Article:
At block 1206, each interface in the VLAN broadcast domain receives and decapsulates an ARP messages. Each of the interfaces in the VLAN broadcast domain that receives the ARP message learns the interface-to-MAC address mapping of the source VNIC of the source CI (e.g., interface identifier of the source interface to MAC address of the source CI) as this message identifies the source CI MAC and IP addresses and the source CI interface identifier. As part of learning the interface-to-MAC address mapping for the source CI, each of the interfaces can update its mapping table (e.g., its L2 forwarding table), and can provide the updated mapping to its associated switch and/or CI. Each recipient interface, except the VSRS, can forward a decapsualted packet to their associated CI. The CI recipient of the forwarded decapsulated packet, and specifically the network interface of that CI, can determine if the target IP address matches the IP address of the CI. If the IP address of the CI associated with that interface does not match the destination CI IP address, then, in some embodiments, the packet is dropped by that CI, and no further action is taken. In the case of the VSRS, the VSRS can determine if the target IP address matches the IP address of the VSRS. If the IP address of the VSRS does not match the target IP address specified in the received packet, then, in some embodiments, the packet is dropped by the VSRS and no further action is taken.

If it is determined that the destination CI IP address specified in the received packet matches the IP address of the CI associated with the recipient interface (destination CI), then, and as indicated in block 1208, the destination CI sends a response, which can be a unicast ARP response to the source interface. This response includes the destination CI MAC address and destination CI IP address, and the source CI IP and MAC addresses. This response is received by the destination interface which encapsulates the unicast ARP response as indicated in block 1210. In some embodiments, this encapsulation can comprise GENEVE encapsulation. The destination interface can forward the encapsulated ARP response via the destination switch to the source interface. This response includes the destination CI MAC and IP addresses and destination CI interface identifier, and the source CI MAC and IP addresses and the source CI interface identifier.

At block 1212, the source interface receives and decapsulates the ARP response. The source interface can further learn the interface-to-MAC address mapping for the destination CI based on information contained in the encapsulation and/or in the encapsulated frame. The source interface can, in some embodiments, forward the ARP response to the source CI.

At block 1214, the source CI receives the ARP response. In some embodiments, the source CI can update a mapping table based on information contained in the ARP response, and specifically update a mapping table to reflect the IP-to-MAC address mapping based on the MAC and IP addresses of the destination CI. Subsequently, the source CI can then send a packet to the destination CI based on this MAC address. This packet can include the MAC address and interface identifier of the source CI as the source MAC address and source interface and the MAC address and interface identifier of the destination CI as the destination MAC address and destination interface.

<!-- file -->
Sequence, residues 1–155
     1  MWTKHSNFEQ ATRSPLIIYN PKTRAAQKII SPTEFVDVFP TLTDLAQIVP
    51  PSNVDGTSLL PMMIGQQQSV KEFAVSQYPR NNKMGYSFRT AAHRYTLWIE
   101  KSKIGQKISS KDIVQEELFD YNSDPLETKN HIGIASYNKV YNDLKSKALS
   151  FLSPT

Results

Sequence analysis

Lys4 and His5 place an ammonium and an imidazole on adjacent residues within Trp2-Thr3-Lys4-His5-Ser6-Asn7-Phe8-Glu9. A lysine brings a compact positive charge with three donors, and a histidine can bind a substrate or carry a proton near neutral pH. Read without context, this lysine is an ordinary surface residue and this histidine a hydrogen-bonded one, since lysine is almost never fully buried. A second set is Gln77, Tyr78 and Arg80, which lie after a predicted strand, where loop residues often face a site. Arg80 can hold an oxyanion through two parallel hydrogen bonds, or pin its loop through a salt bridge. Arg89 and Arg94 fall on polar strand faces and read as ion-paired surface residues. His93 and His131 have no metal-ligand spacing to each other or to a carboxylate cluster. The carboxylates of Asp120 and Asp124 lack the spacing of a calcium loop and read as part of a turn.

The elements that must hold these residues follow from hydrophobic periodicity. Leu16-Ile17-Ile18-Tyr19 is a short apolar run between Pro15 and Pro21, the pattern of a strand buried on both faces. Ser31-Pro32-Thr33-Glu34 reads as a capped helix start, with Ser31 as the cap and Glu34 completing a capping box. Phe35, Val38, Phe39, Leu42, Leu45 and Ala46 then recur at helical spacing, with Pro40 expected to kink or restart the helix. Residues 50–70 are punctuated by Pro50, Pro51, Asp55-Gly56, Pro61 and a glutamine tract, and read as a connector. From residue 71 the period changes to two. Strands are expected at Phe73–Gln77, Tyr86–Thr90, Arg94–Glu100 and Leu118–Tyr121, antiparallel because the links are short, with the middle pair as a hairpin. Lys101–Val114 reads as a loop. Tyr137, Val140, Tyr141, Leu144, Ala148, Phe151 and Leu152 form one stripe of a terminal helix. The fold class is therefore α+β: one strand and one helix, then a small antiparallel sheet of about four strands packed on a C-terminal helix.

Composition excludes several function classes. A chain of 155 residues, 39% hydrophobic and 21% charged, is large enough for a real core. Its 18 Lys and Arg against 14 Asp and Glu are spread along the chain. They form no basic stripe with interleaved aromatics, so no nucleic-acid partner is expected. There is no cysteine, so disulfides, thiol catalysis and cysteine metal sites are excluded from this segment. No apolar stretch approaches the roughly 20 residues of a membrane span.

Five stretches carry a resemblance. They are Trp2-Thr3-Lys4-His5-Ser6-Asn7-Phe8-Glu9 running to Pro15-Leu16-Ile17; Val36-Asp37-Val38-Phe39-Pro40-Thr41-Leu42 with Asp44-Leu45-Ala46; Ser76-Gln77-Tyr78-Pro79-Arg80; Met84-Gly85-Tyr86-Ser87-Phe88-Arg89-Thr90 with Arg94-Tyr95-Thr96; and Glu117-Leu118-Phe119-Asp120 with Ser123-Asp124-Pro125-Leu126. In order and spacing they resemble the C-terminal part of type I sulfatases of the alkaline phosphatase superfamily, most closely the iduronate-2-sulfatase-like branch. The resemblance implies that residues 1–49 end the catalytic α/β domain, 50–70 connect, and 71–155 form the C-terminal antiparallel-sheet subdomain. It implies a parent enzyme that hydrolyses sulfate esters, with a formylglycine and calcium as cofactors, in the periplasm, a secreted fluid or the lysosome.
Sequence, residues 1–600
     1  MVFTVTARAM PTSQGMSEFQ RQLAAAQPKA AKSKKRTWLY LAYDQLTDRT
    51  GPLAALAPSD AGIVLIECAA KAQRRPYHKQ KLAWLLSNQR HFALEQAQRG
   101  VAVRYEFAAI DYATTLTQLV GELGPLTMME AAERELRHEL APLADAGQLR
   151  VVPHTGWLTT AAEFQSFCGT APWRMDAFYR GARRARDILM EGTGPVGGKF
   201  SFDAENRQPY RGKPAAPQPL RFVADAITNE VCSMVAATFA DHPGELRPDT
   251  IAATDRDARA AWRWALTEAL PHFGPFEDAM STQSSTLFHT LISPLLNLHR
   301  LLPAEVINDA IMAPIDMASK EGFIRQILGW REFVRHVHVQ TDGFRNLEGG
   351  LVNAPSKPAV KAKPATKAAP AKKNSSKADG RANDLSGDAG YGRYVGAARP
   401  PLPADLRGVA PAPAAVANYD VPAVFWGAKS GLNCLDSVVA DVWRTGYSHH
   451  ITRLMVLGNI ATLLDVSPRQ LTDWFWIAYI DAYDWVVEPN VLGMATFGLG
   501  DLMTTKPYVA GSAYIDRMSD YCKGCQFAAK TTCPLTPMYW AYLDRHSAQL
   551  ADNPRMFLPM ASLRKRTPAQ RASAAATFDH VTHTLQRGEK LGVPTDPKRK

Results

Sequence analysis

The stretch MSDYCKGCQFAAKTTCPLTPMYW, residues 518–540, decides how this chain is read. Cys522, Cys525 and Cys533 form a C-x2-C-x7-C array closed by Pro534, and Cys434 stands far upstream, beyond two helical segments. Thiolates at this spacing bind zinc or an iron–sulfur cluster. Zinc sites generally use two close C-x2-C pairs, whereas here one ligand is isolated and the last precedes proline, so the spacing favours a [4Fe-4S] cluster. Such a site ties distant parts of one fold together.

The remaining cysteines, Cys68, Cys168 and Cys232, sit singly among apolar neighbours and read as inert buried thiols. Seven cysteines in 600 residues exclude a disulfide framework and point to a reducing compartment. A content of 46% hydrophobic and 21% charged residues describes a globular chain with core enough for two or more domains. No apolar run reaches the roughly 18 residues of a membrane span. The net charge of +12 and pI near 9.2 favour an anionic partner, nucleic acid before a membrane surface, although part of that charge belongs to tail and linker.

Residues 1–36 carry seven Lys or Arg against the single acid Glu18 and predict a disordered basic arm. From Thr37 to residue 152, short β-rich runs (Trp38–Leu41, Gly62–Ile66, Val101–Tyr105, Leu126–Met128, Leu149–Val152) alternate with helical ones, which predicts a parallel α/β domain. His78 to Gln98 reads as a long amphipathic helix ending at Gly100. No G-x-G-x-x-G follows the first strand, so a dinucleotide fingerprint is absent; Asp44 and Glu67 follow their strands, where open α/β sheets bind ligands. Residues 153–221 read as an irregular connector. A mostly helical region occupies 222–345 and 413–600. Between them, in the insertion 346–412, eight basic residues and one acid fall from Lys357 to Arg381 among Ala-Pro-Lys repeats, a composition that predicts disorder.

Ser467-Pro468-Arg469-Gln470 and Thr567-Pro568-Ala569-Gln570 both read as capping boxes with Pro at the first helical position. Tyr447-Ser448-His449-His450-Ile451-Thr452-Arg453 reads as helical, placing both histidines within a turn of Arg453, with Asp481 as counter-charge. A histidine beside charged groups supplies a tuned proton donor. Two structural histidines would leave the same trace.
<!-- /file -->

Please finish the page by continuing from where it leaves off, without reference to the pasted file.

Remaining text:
At block 1216, the source interface can receive the packet from the source CI. The source interface can encapsulate the packet, and in some embodiments, this encapsulation uses a GENEVE encapsulation. The source interface can forward the corresponding frame to the destination CI, and specifically to the destination interface. The encapsulated frame can include the MAC address and interface identifier of the source CI as the source MAC address and source interface identifier and the MAC address and interface identifier of the destination CI as the destination MAC address and destination interface.

At block 1218, the destination interface receives the frame form the source interface. The destination interface can decapsulate the frame, and then can forward the corresponding packet to the destination CI. At block 1220, the destination CI receives the packet from the destination interface.

Storm Control

A physical L2 network can suffer from a frame storm, where end stations can send large volumes of frames in a quick burst of traffic. Such a burst of traffic can get further amplified by the flooding property of a L2 network, where frames with unknown unicast destination addresses, or frames with Broadcast or Multicast destination addresses are replicated. Such a “amplified traffic burst” could quickly bring the entire network to a grinding halt. This is particularly true for cases where the network has a loop—even for a fleetingly brief time period. As such L2 traffic storms can cause network-wide failures. Different techniques exist to prevent L2 traffic storms, including the use of spanning trees. However, such techniques typically prohibit the use of multi-path communications within the physical L2 network.

Embodiments of the present disclosure provide for an L2 virtual network that is overlaid on top of a physical network (e.g., an L3 psychical network), as described herein above. The L2 virtual network, such as a virtualized L2 VLAN (referred to herein as VLAN) is implemented with techniques that provide for storm controls while allowing multi-path communications.